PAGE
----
By going so far back to begin his story, Rovelli aspires not simply to highlight the scientific roots that have, several millennia later, led to investigations into quantum gravity. He also looks to demonstrate that the larger goals of modern day researchers working on this cutting edge theory (and competing ones) lie within a framework and motivation first established in our distant past: the idea that we must strive to understand the world through observation and reason. Rovelli describes the transition to this early version of the scientific method made by the Greek philosopher Anaximander and those around him in the 5th century BCE, as they strived to move beyond using supernatural stories to explain physical phenomena. These philosophers argued that instead of venerating received ideas and descriptions of the world as unquestionable wisdom, philosophers must focus on using observation to build on and correct earlier ideas. Rovelli states that “from this moment onward, knowledge begins to grow at a vertiginous pace.” (17)

The first critical step occurred in the late 5th century BCE, when the philosopher Democritus and his teacher Leucippus proposed a structure of the world that has — remarkably — served as the basis for the development of our scientific understanding through to this day. The two philosophers formulated the idea that “the entire universe is made up of a boundless space in which innumerable atoms run … [and that] atoms are indivisible … elementary grains of reality, which cannot be further subdivided, and everything is made of them.” (20) In these lines, and a few additional paragraphs, Rovelli summarizes Democritus’ amazing leap forward from the superstitious beliefs of his time to a powerful vision “on which the knowledge of civilization would later be built.” (20)

In a fascinating review of the historical context of these early developments, Rovelli describes the many books Democritus wrote on an astonishing variety of topics, from science to philosophy to history to name but a few; he notes that these works had a dramatic influence on those who followed Democritus. Rovelli notes that for several centuries after Democritus — into the first centuries of the Common Era — philosophers and scientists steadily built upon his ideas. The extent of his impact becomes clear when Rovelli points out the shattering fact that we only know of Democritus’ work through the extensive discussions of it by his contemporaries and those that followed him: all of his works were lost in the vast and savage destruction wrought in the wake of the 4th century CE Roman declaration “that Christianity was to be the only and obligatory religion of the empire” (33). As a result of this heart-breaking loss notes Rovelli, “astronomy did not take any very significant step forward for more than a thousand years,” (45) in a Western world plunged into the darkness of the Middle Ages.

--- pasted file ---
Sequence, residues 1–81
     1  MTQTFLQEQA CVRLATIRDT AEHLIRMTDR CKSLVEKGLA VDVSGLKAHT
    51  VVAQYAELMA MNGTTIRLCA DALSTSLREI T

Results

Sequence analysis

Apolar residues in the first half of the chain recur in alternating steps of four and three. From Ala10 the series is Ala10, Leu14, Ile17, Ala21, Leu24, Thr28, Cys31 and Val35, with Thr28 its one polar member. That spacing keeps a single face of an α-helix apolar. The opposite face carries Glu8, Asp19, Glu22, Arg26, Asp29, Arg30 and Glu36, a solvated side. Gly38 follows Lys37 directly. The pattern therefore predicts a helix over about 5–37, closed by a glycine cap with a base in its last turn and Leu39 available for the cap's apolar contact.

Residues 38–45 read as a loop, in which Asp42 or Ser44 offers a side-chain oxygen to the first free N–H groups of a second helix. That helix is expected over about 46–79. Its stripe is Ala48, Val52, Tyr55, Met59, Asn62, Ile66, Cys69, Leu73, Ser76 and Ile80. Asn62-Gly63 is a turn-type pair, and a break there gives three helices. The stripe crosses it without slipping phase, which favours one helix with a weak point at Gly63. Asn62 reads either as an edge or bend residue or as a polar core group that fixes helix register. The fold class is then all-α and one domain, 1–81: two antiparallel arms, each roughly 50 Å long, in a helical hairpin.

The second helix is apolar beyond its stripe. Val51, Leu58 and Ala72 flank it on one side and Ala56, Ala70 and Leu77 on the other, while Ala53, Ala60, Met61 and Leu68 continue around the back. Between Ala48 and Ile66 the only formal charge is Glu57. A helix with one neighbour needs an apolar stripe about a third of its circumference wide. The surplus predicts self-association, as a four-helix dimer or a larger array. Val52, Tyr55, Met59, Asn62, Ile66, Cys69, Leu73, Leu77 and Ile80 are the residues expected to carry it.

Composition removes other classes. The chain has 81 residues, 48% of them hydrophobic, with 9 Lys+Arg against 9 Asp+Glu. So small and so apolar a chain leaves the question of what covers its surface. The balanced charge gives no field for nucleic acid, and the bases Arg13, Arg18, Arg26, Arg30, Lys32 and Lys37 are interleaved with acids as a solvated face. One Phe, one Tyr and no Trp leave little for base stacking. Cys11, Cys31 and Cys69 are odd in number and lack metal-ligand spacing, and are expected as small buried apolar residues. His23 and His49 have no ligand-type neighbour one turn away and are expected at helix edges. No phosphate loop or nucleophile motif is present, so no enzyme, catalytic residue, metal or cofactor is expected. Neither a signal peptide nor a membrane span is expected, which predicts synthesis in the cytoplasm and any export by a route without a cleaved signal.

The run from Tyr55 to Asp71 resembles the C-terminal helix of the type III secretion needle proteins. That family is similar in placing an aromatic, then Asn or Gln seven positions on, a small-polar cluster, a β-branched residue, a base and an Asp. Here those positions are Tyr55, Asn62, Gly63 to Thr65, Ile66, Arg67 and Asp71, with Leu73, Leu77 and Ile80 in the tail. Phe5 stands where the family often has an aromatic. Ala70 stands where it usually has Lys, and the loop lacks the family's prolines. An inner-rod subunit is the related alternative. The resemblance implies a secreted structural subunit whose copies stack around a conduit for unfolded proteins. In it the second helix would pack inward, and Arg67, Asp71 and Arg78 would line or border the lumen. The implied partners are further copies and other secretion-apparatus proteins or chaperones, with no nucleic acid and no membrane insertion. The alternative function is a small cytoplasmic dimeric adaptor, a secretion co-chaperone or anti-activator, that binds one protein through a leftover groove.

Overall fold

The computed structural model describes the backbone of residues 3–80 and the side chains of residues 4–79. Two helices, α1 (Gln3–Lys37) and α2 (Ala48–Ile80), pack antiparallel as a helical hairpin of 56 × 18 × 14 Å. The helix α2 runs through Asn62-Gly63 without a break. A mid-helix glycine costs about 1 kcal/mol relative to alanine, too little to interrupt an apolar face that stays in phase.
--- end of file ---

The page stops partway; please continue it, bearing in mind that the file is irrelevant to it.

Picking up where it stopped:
The West eventually rediscovered this Greek scientific heritage, which had been preserved in India and was eventually reintroduced to Europe through Persian and Arab scholars. (The surprising path of this knowledge back into Europe is discussed in works such as Moorish Spain by Richard Fletcher, and Ornament of the World by MarĂ­a Rosa Menocal.)  This recovered knowledge reignited interest in astronomy and more broadly physics, Rovelli notes, influencing scientists such as Copernicus and Galileo. A next critical step, however, was made by Isaac Newton, who not only formalized what Democritus and those who had followed him proposed, but build a mathematical framework for it, describing how the force of gravity influences objects. In a schematic encapsulation that Rovelli then carries forward to explain developments in understanding through to the current research, he describes Newton’s view of the world as being made up of space, time and particles.

Newton himself, according to Rovelli, recognized that while his theories describe many of the phenomena of the natural world, there are forces other than gravity at play; in the 1800’s, Michael Faraday and James Clark Maxell discovered and described mathematically one such force, that of electromagnetism. The critical insight was to “not think of forces acting directly between distant objects, [but rather] think that there exists an entity diffused throughout space that is modified by electric and magnetic bodies and that, in turn, acts upon … the bodies, … what is today called the field.” (55) Thus, while Newton had described the existence of particles, and the concept of a force acting between them, Faraday and Maxwell describe a universe made up of both particles, and fields which exert forces on them.

This description of the physical world as being made up in part of fields began the movement of physics into descriptions of reality beyond our intuitive understanding of the world. Developments in the 20th century would only accelerate this movement, beginning with Albert Einstein’s publishing of his theory of special relativity. Rovelli points out two key features of Einstein’s theory.

One is that it combines space and time — which had been viewed until then as independent concepts — into a single spacetime. Rovelli explains spacetime as implying that it makes no sense to think of “now” in a universal sense; at points away from an individual observer, now, has a duration, which grows ever longer the greater the distance away — what Rovelli calls the “extended present.” He notes, for example, that: “In the Andromeda galaxy, the duration of this extended present is [with respect to an observer on Earth] two million years.” (72) Thus, space and time are tied intimately together.

A second key consequence that Einstein realized, and elaborated in his theory of special relativity was “that energy and mass are two facets of the same entity, just as the electric and magnetic fields are two facets of the same field, and as space and time are two facets of the one thing, spacetime.” (74) Einstein goes on to calculate the relationship between mass and energy, the famous E=mc².